Figure 1

Percent occurrence of four Polysiphonia spp. algae inside and outside the territories of the damselfishes (a) Stegastes nigricans, (b) S. lividus, (c) Plectroglyphidodon lacrymatus, (d) Hemiglyphidodon plagiometopon and (e) Dischistodus prosopotaenia. The probability of occurrence of each algal species among these sites was analysed using Fisher's exact test. ***p<0.001.

Figure 2

Phylogeny of Polysiphonia spp. algae found inside and outside the territories of the damselfishes Stegastes nigricans, S. lividus, Plectroglyphidodon lacrymatus, Hemiglyphidodon plagiometopon and Dischistodus prosopotaenia. The association of each alga is denoted by the abbreviation and colour of its damselfish host species and by collection site. An asterisk denotes the dominance of the alga in samples (representing more than 50% of the biomass). Numbers in parentheses indicate the number of DNA samples. Data for unshaded species denote citations from the NCBI GenBank. The tree was obtained using ML method, with a log-likelihood score of 4971.063. Branches that collapse in MP, ML and/or BI trees are presented as dotted lines. Nodal support is assessed by bootstrap values of MP and posterior probabilities of BI (above branches, MP/BI, respectively). Solid and broken arrows indicate obligate and facultative associations, respectively.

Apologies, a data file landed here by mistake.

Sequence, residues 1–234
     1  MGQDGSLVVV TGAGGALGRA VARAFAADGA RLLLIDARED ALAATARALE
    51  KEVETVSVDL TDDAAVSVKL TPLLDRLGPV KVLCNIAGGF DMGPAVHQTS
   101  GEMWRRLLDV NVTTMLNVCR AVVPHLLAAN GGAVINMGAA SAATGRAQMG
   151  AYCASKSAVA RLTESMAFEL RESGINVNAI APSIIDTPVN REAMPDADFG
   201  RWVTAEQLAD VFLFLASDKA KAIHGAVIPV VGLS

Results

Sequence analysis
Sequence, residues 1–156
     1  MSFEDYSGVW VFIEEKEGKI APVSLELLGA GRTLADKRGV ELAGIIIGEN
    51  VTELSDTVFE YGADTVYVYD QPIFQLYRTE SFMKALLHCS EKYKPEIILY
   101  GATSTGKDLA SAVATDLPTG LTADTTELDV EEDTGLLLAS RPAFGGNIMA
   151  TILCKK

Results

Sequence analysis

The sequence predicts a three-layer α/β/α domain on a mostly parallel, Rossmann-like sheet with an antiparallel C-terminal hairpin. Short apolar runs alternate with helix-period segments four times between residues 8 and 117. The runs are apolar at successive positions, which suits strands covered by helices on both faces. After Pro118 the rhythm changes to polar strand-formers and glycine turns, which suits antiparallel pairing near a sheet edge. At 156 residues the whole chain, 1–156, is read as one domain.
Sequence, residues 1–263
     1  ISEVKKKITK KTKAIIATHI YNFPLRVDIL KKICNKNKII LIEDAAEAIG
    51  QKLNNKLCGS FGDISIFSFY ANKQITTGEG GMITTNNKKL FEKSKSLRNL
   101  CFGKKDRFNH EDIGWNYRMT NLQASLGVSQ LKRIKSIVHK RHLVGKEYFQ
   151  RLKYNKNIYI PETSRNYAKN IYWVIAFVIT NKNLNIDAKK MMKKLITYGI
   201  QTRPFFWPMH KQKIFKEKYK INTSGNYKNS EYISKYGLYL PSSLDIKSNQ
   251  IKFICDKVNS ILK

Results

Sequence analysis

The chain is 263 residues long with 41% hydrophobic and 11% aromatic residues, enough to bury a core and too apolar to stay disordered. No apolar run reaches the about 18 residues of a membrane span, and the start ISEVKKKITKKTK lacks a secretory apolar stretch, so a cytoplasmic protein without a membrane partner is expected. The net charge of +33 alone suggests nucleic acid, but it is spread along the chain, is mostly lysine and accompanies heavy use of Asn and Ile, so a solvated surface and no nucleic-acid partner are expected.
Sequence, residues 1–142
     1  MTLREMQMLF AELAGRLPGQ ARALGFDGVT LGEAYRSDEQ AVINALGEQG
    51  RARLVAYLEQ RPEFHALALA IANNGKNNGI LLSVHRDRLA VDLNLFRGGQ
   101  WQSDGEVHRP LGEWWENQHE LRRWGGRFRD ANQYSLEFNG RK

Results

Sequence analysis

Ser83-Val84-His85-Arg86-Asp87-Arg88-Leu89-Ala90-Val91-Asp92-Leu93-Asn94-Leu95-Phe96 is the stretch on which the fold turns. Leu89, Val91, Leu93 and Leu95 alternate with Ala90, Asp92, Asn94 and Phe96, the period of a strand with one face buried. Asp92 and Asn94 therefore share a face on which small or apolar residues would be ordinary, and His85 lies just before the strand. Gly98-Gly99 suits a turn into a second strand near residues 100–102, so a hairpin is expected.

View this table:
Table 1

Algae that inhabited the algal farms of damselfishes and their relationships with damselfishes.

Polysiphonia species that correspond to ‘weeds’ (Harlan 1992) in terms of human cultivation were also encountered. Polysiphonia sp. 2 and 4 were found inside the algal farms of P. lacrymatus and D. prosopotaenia, respectively. These algae were rare outside the territories of damselfish, but did not dominate the farms (figure 1). These algae are obligately associated with specific fish, whereas the fish do not necessarily depend on the algae for staple food. Damselfishes manage their farms in a range of intensities (table 1), as both monocultures and mixed cultures (Hata & Kato 2004). Only in intensive farming systems, damselfish seem to have evolved obligate cultivation mutualisms, such as for S. nigricans. Plectroglyphidodon lacrymatus and D. prosopotaenia, which maintain mixed-culture farms by management without weeding, appear to engage only in facultative cultivation mutualism. Stegastes lividus did not have any species-specific algae in its mixed-culture farm. On the other hand, the Polysiphonia species that are found exclusively symbiotically with specific damselfishes are not monophyletic (figure 2), suggesting that the adaptations of these algae to damselfishes originated independently.